The Buccaneers had several players step up after an anemic first half — notably Josh Freeman, who added another fourth-quarter victory and game-winning drive to his résumé — but the standout was Preston Parker.
The second-year receiver out of North Alabama sparked the offense to life, catching passes, returning kicks, and making key conversions to extend Tampa drives. At game’s end, Parker had touched the ball 11 times for 193 total yards, with second-half conversions on 3rd and 4, 3rd and 10, and 3rd and 12.
Parker’s best play came on a short reception; he turned upfield, burned down the right sideline, and set up an easy Connor Barth field goal that cut into the Minnesota lead.
Another week, another opposing quarterback standing comfortably in the pocket. The elusive, yet geriatric, Donovan McNabb was clean most of the day, sacked only twice in 36 pass attempts by rookie Mason Foster and strong safety Sean Jones. Tampa Bay has invested a lot of early picks in the defensive line and — young as they are — someone has to beat their man one-on-one. The fewer blitzes the Buccaneers have to employ, the better they’ll defend the pass. The flashes are there, and it’s still early in the season, but this unit needs to gel if the Buccaneers want any sustainable success.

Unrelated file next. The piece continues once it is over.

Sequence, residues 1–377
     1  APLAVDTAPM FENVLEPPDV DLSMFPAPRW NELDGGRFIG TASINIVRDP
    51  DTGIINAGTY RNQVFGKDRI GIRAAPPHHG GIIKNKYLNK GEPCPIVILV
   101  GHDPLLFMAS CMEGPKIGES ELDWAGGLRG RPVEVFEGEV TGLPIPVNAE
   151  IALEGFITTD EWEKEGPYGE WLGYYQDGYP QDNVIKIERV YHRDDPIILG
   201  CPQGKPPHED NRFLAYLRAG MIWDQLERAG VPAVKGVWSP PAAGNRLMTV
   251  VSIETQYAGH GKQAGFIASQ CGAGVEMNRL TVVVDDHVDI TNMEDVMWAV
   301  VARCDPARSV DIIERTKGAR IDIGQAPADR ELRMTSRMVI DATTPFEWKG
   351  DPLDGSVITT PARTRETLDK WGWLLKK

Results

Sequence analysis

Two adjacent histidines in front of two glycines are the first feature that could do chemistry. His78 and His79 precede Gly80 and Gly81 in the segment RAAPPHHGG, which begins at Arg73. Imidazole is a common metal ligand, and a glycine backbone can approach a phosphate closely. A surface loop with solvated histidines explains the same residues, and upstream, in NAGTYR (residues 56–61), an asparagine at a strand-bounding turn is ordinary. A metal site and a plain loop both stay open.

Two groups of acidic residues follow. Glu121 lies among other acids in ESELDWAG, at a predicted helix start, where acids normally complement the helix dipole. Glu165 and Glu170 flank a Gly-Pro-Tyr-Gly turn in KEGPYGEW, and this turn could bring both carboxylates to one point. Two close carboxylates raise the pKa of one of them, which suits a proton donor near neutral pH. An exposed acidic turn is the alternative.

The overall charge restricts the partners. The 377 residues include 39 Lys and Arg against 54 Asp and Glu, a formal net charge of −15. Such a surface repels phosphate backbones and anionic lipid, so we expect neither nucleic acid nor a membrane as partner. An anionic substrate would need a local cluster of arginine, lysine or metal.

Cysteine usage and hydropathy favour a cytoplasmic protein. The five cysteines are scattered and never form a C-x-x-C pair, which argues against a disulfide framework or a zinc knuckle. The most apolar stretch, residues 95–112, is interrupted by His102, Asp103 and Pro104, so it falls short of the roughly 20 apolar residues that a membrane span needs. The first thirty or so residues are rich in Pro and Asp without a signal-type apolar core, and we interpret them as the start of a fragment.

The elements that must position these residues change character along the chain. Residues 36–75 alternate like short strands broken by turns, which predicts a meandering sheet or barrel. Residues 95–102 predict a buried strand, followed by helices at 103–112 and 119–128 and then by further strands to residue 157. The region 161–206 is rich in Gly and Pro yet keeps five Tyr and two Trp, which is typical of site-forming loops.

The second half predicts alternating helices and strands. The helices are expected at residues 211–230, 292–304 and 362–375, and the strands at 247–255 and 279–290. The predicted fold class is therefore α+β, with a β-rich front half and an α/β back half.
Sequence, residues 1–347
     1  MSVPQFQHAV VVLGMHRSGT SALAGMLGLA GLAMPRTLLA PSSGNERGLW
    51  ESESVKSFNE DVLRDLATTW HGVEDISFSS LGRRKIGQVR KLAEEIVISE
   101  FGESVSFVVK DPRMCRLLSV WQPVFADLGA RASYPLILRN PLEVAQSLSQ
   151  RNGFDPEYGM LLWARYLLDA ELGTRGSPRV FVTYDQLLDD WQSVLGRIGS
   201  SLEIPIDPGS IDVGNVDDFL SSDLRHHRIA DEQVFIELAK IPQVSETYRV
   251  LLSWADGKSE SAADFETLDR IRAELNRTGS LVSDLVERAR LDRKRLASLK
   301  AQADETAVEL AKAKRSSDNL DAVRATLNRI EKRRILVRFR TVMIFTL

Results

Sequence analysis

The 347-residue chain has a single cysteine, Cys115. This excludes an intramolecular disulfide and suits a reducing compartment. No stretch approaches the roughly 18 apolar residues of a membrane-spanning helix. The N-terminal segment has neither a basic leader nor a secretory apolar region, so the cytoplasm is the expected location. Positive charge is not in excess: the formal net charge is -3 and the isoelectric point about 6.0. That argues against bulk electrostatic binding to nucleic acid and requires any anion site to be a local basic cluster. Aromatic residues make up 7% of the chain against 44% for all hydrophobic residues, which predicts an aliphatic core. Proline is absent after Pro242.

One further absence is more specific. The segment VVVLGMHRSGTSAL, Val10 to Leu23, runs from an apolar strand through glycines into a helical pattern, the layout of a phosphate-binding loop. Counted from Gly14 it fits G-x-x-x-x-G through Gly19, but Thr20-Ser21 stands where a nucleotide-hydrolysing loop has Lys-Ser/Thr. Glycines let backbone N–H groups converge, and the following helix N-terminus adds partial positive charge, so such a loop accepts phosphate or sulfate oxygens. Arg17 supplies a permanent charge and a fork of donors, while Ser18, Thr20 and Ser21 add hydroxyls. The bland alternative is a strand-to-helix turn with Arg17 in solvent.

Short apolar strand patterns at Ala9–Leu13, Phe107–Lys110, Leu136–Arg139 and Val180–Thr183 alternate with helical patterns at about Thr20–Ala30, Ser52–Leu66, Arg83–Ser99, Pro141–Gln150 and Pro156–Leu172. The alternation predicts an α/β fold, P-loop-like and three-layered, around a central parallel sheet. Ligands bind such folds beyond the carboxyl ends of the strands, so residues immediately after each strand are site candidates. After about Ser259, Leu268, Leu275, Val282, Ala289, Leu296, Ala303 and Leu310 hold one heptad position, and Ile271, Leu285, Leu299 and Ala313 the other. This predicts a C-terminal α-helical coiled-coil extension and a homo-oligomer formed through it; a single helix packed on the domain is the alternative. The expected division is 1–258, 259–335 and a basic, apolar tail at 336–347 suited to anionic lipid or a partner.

The first-half offense. Something has to change; Tampa’s early-game scheme is laughably predictable, and the players seem uncomfortable in their assignments. Freeman misses throws, the offensive line whiffs blocks, the receivers drop passes, and the running backs look hesitant. Punting four times in the first half exhausts the defense which, in turn, aggravates the deficit. Luckily, Greg Olson‘s halftime adjustments proved effective — and hey, comeback victories are exciting — but it’s going to cost the Buccaneers a ton of games if they don’t improve in their early-game drives.
And as masterful as Freeman’s comebacks have been, they’re giving me hypertension. I don’t think a few first-quarter points is too much to ask.